10 May (NucNet): Kyrgyzstan’s parliament is considering the introduction of a moratorium on the exploration, development, and mining of uranium deposits in the Central Asian republic, a statement by parliament said earlier this week.
The statement said the bill aims at ensuring the radiation and environmental safety of the Kyrgyzstan’s population.
“It is likely that safe methods for the extraction of uranium and thorium will be developed in the future, but let our descendants decide the feasibility of developing uranium deposits”, said Almambet Shykmamatov, one of three deputies who submitted the proposal.
Earlier this month, Kyrgyzstan’s parliament adopted a resolution banning all exploration, development and extraction of uranium resources in the country, despite previously issuing licenses to a number of overseas companies, including Canada-based Azarga Uranium.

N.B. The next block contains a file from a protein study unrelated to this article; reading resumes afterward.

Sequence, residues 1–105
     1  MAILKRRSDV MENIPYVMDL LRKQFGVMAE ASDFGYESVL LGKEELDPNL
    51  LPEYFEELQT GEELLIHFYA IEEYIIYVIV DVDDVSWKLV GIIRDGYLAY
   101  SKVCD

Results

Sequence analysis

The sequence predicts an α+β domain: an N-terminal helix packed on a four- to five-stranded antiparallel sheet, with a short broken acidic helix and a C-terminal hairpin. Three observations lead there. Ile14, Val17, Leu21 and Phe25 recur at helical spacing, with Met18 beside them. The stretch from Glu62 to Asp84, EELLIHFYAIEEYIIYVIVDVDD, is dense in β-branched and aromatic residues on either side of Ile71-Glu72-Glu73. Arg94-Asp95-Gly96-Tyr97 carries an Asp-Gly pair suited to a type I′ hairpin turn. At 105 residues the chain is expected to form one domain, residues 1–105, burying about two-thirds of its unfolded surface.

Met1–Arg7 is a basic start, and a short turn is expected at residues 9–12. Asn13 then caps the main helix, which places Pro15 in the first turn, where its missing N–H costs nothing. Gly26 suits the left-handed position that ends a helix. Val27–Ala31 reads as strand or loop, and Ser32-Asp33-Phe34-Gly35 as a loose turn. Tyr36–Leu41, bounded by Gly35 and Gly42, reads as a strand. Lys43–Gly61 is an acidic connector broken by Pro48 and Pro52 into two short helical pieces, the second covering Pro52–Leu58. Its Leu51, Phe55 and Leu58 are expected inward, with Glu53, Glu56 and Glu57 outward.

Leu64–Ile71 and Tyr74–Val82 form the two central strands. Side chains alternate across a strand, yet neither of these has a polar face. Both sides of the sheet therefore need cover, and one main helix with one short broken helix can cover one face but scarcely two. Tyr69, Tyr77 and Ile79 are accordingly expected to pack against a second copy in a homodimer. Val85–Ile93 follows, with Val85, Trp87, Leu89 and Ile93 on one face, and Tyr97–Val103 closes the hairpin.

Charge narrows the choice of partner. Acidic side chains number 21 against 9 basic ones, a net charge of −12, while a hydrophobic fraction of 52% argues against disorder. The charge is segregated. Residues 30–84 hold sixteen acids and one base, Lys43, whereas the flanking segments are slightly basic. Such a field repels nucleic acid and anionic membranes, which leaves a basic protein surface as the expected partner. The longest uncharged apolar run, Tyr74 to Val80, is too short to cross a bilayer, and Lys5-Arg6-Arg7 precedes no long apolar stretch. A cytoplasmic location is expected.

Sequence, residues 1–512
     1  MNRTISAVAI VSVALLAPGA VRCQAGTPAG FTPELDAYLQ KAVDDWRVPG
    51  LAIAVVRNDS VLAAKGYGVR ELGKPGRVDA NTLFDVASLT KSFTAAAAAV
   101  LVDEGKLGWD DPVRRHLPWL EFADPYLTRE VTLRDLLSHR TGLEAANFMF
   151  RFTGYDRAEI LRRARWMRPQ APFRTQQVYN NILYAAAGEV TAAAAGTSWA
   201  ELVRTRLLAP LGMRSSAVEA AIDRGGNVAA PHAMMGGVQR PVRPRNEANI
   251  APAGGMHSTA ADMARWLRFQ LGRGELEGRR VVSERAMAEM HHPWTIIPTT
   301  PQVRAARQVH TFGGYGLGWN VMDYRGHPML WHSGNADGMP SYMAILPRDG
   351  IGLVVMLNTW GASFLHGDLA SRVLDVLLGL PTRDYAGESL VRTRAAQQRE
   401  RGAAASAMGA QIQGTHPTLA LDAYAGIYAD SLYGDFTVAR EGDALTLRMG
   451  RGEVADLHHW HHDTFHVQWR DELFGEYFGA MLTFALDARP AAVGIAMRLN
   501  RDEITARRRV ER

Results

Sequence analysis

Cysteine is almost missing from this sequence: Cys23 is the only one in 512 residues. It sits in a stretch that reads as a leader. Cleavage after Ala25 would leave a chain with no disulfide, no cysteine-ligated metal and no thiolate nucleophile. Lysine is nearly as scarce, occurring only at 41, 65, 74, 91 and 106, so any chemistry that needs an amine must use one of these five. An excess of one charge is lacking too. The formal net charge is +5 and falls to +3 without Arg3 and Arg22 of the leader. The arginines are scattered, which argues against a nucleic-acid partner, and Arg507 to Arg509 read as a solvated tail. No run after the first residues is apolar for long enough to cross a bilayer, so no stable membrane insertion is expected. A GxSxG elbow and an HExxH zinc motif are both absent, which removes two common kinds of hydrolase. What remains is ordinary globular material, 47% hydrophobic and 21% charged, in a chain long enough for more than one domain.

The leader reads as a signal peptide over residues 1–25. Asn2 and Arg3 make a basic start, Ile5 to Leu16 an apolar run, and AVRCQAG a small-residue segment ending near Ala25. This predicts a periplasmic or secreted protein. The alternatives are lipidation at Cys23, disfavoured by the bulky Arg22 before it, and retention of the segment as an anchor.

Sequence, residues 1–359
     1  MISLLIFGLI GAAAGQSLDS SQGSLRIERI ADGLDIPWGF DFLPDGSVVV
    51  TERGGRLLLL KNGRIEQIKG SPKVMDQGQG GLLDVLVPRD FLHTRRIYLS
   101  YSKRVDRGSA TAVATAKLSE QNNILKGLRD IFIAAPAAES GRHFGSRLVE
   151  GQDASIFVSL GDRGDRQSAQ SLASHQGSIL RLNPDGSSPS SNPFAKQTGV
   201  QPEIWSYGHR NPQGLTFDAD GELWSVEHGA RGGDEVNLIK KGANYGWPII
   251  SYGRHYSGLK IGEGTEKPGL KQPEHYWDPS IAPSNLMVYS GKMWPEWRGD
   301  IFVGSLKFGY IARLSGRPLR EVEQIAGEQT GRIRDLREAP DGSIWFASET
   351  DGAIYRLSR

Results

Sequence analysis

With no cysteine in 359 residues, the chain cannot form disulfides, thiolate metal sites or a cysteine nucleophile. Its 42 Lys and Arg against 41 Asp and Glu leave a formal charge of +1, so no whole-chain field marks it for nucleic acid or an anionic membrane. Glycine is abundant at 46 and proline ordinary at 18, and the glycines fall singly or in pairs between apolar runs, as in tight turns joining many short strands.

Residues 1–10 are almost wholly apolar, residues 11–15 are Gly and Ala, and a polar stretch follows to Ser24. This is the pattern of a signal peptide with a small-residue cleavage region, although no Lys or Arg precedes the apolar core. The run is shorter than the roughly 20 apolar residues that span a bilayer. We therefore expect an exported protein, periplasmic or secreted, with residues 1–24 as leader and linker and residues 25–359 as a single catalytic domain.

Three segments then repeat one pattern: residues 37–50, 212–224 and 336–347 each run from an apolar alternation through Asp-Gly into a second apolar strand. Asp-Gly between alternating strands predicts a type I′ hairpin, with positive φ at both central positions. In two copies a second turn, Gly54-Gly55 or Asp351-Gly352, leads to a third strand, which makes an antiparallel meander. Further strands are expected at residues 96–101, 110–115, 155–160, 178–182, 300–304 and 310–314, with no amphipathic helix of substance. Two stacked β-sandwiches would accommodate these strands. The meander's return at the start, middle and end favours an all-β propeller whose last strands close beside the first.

According to Reuters, the move may expose the Kyrgyz government to compensation claims from foreign investors.
The parliament’s decision came after a series of protests against uranium mining and exploration received the backing of Kyrgyzstan’s president Sooronbai Jeenbekov earlier last week.
Kyrgyzstan has a history of uranium mining and milling during the Soviet Era and is currently in the process of carrying out overseas-sponsored remediation work at several Soviet legacy sites.
The proposed ban will therefore exclude the reprocessing of waste in Soviet-era uranium tailings.